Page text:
Lions in New York, Holocaust education in Tucson, Peace Corps in Cambodia

Conventioneering in the Big Apple

Never believe that a few caring people can’t change the world. For, indeed, that’s all who ever have.”

— Margaret Mead

Lady Liberty shines her light on Lions of Judah: Angie Goorman, Karen Faitelson, Fern Feder, Robin Pozez, Diane Weintraub, Linda Tumarkin, Sharon Klein, Melissa Goldfinger, Brenda Landau (JFSA) and Judy Berman. (Not pictured: Marilyn Einstein, Deanna Evenchik and Janet Lang)

From Sept. 10 to 12, a dozen Lions from Southern Arizona roared at the international Lion of Judah convention of female philanthropists in New York City. We were accompanied by the Jewish Federation of Southern Arizona’s Women’s Philanthropy director, Brenda Landau, and joined 1,700 sister Lions who converged at the Marriott Marquis Hotel in Times Square to celebrate Lion of Judah’s 40th anniversary.

Our group attended plenary and breakout sessions, caucused amongst ourselves and honored our community’s Kipnis-Wilson/Friedland award winner, our “woman of valor,” Diane Weintraub.

The group heard Jerry Silverman, president and CEO of the Jewish Federations of North America, who addressed our Federation board last year. He commented that “A Lion sees the world and makes it better.” This reinforced the conference theme of “the power of one” — the power of one person and one community to make a difference. This was brought home by several speakers:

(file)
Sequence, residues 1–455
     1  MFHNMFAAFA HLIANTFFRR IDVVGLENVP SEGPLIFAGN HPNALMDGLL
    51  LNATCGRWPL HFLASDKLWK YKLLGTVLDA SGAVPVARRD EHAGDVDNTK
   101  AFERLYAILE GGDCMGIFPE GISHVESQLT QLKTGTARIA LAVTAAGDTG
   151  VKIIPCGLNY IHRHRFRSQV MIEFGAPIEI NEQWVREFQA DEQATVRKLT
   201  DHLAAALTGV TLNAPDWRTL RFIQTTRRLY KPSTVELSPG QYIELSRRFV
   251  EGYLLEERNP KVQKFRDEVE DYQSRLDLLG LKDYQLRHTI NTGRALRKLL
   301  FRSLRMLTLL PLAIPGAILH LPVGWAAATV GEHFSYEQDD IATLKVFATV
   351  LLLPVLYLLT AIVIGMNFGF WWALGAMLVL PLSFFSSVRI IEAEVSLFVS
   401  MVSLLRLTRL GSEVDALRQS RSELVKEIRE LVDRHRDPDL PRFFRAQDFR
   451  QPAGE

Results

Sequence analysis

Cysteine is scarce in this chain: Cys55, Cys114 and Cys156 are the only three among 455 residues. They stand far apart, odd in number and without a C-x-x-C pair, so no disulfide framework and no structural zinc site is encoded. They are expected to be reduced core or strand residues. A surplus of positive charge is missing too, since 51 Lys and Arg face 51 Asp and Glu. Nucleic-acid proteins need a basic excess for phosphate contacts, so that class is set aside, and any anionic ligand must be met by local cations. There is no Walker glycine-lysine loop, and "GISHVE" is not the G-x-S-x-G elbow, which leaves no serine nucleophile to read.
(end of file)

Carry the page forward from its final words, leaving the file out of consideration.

• a Russian Jew who, as a child in 1981, was rescued with her family from the former Soviet Union, brought to America and now works for JFNA to give back;

• a cancer survivor who started a support organization for women with breast and ovarian cancer;

• the founder of Dress For Success, who has put so many women on the road to self-fulfillment.

We listened to Yonatan Rabin, grandson of the late Israeli Prime Minister Yitzhak Rabin, who is keeping his grandfather’s legacy alive. Dr. Einat Wilf, a Knesset member, recruited us for what she termed the “IIDF” — the “Israeli Intellectual Defense Force,” championing “the battle of the mind, because ideas matter in the pursuit of truth and justice.” We were entertained by The Maccabeats, Yeshiva University’s a cappella music group that performed at the Tucson Jewish Community Center this year. We heard Cory Booker, the mayor of Newark, N.J., who had just spoken at the Democratic Convention; and Larry Silverstein, president and CEO of Silverstein Properties, who had purchased the lease to the World Trade Center complex just six weeks before the Twin Towers fell.